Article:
The novel is at its most biting when Inez and Billy Dillon, her husband's political adviser and public relations operator, are goading one another. Although she appreciates Dillon's ironic abrasiveness rather more than her husband's woolly political jargon, Inez resents, for example, interviewers deciding in advance the angle of their profile on the basis of library cuttings. It is as if she has lost all personal claim to her past. Her own memory, and hence her history, have been fictionalized. The main events of the novel occur in 1975, the year of the United States's withdrawal from Vietnam. It is therefore impossible to read the story of Inez's marriage, and her affair with the elusive Jack Lovett, as pure personal drama.
Democracy, as the title implies, is also the story of the way in which a nation has lost touch with its own past and with the principles that once guided it. Many of those who commented on the novel when it was first published greeted it as...
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Topics for Further Study
Read some of the first-hand accounts of the American withdrawal from Saigon and identify details which Didion has used in her novel. Didion's novel was originally going to be "a study in provincial manners" centered on one particular family in Honolulu. Investigate the business and social history of Honolulu during the 1940s and 1950s.
Didion's essay collection The White Album contains a piece about Honolulu—"In The Islands"—in which she writes at length about Schofield barracks and From Here To Eternity by James Jones. Reading extracts from Jones's novel and watching the 1953 Columbia movie version of the book, identify parallels and contrasts in Didion and Jones's portrayals of life in Honolulu.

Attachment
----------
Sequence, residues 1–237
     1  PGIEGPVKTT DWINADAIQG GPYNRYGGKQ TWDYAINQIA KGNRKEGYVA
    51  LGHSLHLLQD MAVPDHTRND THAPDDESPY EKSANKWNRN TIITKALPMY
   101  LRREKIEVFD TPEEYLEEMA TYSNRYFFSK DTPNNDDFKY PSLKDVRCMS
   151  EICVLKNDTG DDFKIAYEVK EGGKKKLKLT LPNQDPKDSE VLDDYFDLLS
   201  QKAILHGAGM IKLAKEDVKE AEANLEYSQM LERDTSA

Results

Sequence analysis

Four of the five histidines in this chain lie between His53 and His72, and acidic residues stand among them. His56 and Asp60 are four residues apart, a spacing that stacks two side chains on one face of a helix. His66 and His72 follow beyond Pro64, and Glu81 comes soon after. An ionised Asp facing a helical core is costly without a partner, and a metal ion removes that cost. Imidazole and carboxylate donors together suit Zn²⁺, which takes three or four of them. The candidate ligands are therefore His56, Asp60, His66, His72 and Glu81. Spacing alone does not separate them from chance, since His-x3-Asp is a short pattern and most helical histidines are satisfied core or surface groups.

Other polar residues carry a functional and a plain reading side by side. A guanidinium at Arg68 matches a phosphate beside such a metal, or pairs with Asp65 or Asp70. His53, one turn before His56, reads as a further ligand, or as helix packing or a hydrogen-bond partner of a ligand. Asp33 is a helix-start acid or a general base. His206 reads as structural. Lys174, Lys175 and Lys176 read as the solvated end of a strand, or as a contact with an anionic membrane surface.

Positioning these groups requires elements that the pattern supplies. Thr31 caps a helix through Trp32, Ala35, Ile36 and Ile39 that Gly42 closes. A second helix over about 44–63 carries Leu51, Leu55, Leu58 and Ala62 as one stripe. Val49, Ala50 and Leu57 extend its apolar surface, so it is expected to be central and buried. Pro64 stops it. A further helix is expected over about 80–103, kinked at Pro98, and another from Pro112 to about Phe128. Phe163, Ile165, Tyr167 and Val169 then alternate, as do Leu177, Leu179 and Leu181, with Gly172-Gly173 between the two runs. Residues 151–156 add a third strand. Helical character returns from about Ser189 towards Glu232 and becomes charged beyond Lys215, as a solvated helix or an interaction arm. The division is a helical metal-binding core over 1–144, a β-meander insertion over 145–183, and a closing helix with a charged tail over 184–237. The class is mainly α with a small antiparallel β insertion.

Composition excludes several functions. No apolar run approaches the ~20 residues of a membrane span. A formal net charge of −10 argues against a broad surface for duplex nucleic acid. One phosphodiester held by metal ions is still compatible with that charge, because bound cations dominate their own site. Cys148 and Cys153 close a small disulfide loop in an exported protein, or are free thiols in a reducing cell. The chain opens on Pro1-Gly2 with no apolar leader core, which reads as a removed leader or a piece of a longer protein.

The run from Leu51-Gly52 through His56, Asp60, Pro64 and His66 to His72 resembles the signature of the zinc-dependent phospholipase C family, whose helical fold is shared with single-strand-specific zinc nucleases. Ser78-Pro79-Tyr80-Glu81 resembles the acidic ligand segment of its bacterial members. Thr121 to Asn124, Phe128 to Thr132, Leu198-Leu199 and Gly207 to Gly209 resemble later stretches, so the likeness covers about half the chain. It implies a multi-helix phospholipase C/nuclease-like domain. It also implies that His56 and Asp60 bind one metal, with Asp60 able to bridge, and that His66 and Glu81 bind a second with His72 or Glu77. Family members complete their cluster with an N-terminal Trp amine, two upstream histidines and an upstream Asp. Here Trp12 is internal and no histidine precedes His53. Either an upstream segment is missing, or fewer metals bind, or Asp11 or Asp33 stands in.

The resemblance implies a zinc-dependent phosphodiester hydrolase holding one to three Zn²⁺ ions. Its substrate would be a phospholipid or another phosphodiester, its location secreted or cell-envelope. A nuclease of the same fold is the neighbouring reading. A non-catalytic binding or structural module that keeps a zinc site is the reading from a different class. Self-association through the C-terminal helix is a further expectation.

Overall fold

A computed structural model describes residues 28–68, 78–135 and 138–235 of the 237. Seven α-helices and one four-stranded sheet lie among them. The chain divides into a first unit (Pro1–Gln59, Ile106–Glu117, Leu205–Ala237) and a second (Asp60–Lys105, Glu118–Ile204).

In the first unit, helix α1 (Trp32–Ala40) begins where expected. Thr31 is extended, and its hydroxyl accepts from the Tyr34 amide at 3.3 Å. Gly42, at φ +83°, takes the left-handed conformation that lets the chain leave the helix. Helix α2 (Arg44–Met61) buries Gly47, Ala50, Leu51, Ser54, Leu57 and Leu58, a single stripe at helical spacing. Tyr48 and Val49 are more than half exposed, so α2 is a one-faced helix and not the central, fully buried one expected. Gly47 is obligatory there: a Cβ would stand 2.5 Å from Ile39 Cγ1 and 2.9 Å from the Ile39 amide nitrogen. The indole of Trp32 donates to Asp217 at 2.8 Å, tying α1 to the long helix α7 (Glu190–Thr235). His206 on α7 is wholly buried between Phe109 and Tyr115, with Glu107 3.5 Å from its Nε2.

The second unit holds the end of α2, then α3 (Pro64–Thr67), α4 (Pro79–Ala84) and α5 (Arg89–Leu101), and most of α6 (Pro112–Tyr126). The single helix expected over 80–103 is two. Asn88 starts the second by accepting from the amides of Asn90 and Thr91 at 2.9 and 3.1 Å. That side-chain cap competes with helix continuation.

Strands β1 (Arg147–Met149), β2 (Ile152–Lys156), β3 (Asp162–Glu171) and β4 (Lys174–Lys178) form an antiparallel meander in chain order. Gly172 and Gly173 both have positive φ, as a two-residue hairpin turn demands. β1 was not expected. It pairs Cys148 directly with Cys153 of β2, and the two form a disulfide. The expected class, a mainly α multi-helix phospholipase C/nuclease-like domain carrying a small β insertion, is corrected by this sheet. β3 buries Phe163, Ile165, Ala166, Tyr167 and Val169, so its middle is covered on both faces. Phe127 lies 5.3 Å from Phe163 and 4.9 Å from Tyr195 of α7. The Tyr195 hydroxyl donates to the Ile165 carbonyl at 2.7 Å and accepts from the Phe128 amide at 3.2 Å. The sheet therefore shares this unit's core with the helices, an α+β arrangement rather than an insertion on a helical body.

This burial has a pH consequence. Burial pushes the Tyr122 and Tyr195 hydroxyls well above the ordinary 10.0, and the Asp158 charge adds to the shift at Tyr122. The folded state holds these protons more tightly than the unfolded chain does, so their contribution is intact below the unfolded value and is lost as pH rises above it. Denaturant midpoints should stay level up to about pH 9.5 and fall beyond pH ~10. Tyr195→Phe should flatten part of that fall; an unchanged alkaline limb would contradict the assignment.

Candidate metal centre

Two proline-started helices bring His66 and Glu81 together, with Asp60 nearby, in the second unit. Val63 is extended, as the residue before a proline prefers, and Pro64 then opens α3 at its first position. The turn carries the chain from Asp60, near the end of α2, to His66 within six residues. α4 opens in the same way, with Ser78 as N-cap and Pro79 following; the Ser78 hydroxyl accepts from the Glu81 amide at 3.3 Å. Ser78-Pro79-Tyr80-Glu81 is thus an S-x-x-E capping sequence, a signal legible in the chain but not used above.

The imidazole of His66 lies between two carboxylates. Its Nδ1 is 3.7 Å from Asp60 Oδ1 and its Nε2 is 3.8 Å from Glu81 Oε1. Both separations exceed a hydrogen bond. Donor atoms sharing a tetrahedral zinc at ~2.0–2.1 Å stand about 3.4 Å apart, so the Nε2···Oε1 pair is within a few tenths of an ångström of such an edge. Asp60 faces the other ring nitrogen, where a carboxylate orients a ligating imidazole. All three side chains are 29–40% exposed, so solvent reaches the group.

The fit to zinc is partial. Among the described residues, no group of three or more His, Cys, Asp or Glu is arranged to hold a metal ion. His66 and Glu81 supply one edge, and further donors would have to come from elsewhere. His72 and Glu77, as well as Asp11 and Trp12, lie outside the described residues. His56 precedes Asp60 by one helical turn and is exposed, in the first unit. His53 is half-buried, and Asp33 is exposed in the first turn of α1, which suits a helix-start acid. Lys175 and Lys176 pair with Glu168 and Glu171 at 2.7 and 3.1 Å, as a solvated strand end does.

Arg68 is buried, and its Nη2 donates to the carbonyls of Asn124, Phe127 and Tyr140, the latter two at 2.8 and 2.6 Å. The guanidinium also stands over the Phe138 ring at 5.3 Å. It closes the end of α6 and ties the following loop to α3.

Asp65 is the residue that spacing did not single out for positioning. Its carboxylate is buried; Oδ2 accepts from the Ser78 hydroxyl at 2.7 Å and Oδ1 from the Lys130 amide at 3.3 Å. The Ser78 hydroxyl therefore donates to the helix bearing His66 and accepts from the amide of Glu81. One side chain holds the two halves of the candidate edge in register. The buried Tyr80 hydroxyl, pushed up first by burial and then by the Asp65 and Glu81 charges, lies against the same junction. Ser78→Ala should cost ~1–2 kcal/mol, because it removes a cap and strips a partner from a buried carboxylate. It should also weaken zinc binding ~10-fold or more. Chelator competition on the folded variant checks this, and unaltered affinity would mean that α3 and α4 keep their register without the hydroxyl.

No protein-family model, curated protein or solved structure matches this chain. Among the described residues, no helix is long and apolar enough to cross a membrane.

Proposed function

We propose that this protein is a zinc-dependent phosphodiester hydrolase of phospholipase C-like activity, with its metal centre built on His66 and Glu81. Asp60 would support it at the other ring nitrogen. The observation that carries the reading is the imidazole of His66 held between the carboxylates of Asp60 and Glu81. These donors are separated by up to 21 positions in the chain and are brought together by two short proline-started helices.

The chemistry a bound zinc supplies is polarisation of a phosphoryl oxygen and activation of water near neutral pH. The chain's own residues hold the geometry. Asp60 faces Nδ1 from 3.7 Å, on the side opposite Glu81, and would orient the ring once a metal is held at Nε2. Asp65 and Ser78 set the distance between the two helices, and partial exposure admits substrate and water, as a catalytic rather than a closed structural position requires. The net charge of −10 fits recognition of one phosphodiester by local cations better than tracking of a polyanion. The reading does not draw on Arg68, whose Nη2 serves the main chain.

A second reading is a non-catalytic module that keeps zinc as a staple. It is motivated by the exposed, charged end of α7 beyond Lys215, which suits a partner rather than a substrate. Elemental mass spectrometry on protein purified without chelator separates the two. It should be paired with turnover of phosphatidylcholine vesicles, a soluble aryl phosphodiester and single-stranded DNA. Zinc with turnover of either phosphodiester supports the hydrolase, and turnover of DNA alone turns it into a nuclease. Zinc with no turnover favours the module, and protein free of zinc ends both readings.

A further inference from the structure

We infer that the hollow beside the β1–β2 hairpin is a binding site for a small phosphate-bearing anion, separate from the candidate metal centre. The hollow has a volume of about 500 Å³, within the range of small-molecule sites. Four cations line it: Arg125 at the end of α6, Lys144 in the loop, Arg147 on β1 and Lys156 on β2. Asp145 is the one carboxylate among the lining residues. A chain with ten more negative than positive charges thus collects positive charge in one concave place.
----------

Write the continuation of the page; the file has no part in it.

The opening sentence of the novel refers to the testing of nuclear devices in the Pacific. Research the history of nuclear testing, and on a map of the Pacific area mark and date all places used for such tests.
Inez Victor is a study of the effect that being in the public eye has on a character. Researching the lives of Jacqueline Kennedy, Diana Princess of Wales, and other women subjected to public scrutiny through association with their husbands, attempt to analyze what Didion means when she suggests that the "major cost" of public life is "loss of memory."
Carry out a statistical analysis of Didion's one-line or very short paragraphs (do not include dialogue). You will need to set your own parameters for...
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A reading of Democracy, the 1880 novel by the nineteenth-century historian Henry Brooks Adams, helps to throw into sharper relief some of the cultural and political concerns which Didion's later novel of the same name explores. '
From Here to Eternity (1951), by James Jones, is a popular wartime novel set in Honolulu in the period leading up to the bombing of Pearl Harbor.
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The Last Thing He Wanted, Joan Didion's 1996 novel, was her first work of fiction after Democracy. It develops several of the same political themes.
Didion is admired as an essayist as well as a novelist, and the work in The White Album, her 1979 essay collection, evolved from a state of mind similar to the one which created Democracy.
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What Do I Read Next?